Obesity statistics in the U.S. have been climbing for decades. According to the CDC more than one-third of American adults are obese (35.7%). The causes seem to lie not only with genetics, but also (and mostly with) changes in the way Americans live. There have been many changes in the pace of life and quality of food that people eat. People don’t get as much physical activity in their regular everyday activities and so much time is spent working that good meals cooked from scratch are hard to come by.
With all of these changes causing such an epidemic of obesity in humans, no one should be surprised that the statistics for obesity in cats (who depend on us for everything) are also rising. According the Association for Pet Obesity Prevention (APOP), 57.6% of American pet cats are either overweight or obese. Just like us humans, cats are at higher risk for a lot of devastating diseases when they become obese; type 2 Diabetes (obese cats are 3X more likely to get this), Arthritis, heart and respiratory diseases, high blood pressure, certain cancers, and Hepatic Lipidosis.
There is one other technical difficulty obese cats face – grooming. At some point it will become difficult for the cat to groom its genital area and potentially areas around the neck and chin. Just imagine what it must feel like for a cat that can not remove feces or urine from its own body! Surely rashes, sores, and bad odors would begin to develop.
It is always best to get a proper evaluation done by a veterinarian if you have concerns about your cat’s weight. One check that you can do on your own is to gently rub your hands along your cat’s body while the cat is standing up. If the cat is the ideal weight, you will be able to feel the ribs with a small layer of fat over them. If you have to press to feel the cat’s ribs, the cat is likely overweight. If the cat feels bony, it is likely underweight – there should be some fat.
Another way to evaluate is to look at the cat by looking at it from the top and then from the side. Your veterinarian will probably use a method like this (or a combination of methods) to give your cat a number on a scale from 1 -9 (where 1 is very underweight, 5 is ideal weight, and 9 is very obese). When looking from the top, the ideal weight cat will have a defined “waist” below its ribs. Looking from the side, a cat of the ideal weight would have a raised abdomen. There should be no jiggling fat when the cat walks. However, some cats have extra skin that hangs down and is not fatty, don’t worry about this extra skin.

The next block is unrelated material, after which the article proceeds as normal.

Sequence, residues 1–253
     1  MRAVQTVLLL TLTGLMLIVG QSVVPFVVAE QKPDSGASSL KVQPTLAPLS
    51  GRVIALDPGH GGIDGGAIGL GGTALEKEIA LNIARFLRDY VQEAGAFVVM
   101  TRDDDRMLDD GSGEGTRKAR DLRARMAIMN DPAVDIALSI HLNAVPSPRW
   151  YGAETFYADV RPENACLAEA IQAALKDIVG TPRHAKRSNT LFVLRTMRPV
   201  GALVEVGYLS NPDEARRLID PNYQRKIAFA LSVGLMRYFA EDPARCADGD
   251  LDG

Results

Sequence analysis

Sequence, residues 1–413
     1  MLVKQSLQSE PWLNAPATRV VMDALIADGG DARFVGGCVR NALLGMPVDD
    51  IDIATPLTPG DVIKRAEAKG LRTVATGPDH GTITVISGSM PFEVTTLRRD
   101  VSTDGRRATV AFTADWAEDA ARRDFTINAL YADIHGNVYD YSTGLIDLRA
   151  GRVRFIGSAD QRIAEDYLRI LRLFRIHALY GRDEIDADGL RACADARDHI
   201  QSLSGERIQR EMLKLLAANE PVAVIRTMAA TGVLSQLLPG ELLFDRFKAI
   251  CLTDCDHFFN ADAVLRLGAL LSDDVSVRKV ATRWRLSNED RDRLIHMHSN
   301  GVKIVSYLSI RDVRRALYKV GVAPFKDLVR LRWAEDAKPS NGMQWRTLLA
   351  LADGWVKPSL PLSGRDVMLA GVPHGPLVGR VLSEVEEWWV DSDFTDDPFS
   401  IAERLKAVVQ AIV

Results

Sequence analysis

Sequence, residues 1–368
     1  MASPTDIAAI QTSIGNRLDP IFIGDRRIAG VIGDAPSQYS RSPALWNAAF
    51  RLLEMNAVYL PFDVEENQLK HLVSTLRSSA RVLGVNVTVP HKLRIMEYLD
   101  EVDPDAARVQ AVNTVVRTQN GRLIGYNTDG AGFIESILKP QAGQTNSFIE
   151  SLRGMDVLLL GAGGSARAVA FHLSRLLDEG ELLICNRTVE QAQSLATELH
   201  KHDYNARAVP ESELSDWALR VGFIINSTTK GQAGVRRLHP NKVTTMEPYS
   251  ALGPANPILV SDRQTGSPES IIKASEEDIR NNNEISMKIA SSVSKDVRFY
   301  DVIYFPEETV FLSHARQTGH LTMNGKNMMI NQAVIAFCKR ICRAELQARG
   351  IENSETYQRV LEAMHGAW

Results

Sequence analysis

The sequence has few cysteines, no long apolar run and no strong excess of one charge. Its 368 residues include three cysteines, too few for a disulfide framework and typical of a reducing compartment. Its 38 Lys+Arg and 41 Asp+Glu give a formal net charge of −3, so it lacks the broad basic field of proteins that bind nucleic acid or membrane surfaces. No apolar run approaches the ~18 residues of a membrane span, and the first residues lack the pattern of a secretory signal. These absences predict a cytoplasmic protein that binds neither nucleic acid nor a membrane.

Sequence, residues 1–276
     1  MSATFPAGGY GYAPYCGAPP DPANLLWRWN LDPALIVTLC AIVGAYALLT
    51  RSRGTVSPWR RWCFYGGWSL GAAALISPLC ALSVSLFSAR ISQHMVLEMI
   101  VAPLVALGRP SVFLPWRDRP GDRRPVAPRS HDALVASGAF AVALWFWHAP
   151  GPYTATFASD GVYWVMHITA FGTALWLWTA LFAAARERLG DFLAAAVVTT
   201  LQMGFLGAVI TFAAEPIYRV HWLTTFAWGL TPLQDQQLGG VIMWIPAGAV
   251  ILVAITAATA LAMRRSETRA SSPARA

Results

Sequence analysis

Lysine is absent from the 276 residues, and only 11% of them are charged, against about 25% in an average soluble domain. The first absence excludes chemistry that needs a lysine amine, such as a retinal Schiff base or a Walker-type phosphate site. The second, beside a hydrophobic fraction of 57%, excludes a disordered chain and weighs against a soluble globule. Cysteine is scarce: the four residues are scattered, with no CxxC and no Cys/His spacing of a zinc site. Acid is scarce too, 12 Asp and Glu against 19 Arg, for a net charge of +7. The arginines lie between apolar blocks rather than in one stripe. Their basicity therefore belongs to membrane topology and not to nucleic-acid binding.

Don’t put your cat on a diet until you talk to your veterinarian. It is really important that you rule out any thyroid problems or other disorders that could be adding to the weight gain. If it is determined that the cat is healthy other than the obesity, then you and your veterinarian can tailor a diet and exercise plan to suit your cat’s needs. Cats need to lose weight very slowly or they could develop Hepatic Lipidosis (fatty liver disease). Don’t be discouraged when the veterinarian’s plan will take 6 – 8 months to get your cat to his/her ideal weight. A healthy weight-loss goal for cats is 1 pound per month.
Simply feeding your cat less of the food it is currently eating may not be the answer to your cat’s weight problem. The cat’s new diet should be keeping all of the nutrients the cat needs to survive, while discarding the ingredients that are just adding to the fat deposits without any benefit to the cat. Your current food may not be providing the correct proportion of nutrients for your cat , causing your cat to compensate by overeating. Getting the results you want may require switching to a more nutrient rich food (higher protein, lower carbohydrates). You may also have to stop free-feeding and feed small, frequent, scheduled meals throughout the day.
Don’t forget the importance of physical activity. Obese cats are often very lazy. Engaging your cat in vigorous play for 20 minutes per day could help tremendously (you do not need to do all 20 minutes at once). Exercise will increase your cat’s metabolic rate, burn calories, reduce appetite, and even help to change the composition of your cat’s body.
It will take some real commitment to help an obese cat lose weight. Stay strong and don’t give in to those pitiful “feed me even though it isn’t time yet” faces and you will be doing your cat a world of good. Here are some tips to help you through.
About the Author: Robin Mudge is the Detroit based blogger behind Playful Kitty. Animals are one of her greatest passions. Besides spending lots of time with her 2 cats (Cinco and Manna), Robin loves to learn and enjoys expressing herself artistically. This article was first posted on January 13, 2014 on Playful Kitty.